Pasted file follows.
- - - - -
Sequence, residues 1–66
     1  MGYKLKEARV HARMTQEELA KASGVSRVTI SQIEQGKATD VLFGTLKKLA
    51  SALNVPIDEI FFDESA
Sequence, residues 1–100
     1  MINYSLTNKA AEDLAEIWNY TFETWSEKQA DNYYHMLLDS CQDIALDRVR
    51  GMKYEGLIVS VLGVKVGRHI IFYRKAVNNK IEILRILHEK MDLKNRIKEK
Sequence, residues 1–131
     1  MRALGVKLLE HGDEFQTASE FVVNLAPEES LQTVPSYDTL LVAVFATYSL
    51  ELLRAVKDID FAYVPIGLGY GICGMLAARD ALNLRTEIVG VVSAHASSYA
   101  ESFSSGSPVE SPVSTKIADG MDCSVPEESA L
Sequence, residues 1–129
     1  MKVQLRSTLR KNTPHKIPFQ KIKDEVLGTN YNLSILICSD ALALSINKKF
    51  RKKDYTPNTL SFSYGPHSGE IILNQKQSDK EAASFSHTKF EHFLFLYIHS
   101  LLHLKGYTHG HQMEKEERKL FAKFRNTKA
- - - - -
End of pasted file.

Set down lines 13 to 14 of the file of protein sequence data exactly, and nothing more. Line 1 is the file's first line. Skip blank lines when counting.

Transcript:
    51  RKKDYTPNTL SFSYGPHSGE IILNQKQSDK EAASFSHTKF EHFLFLYIHS
   101  LLHLKGYTHG HQMEKEERKL FAKFRNTKA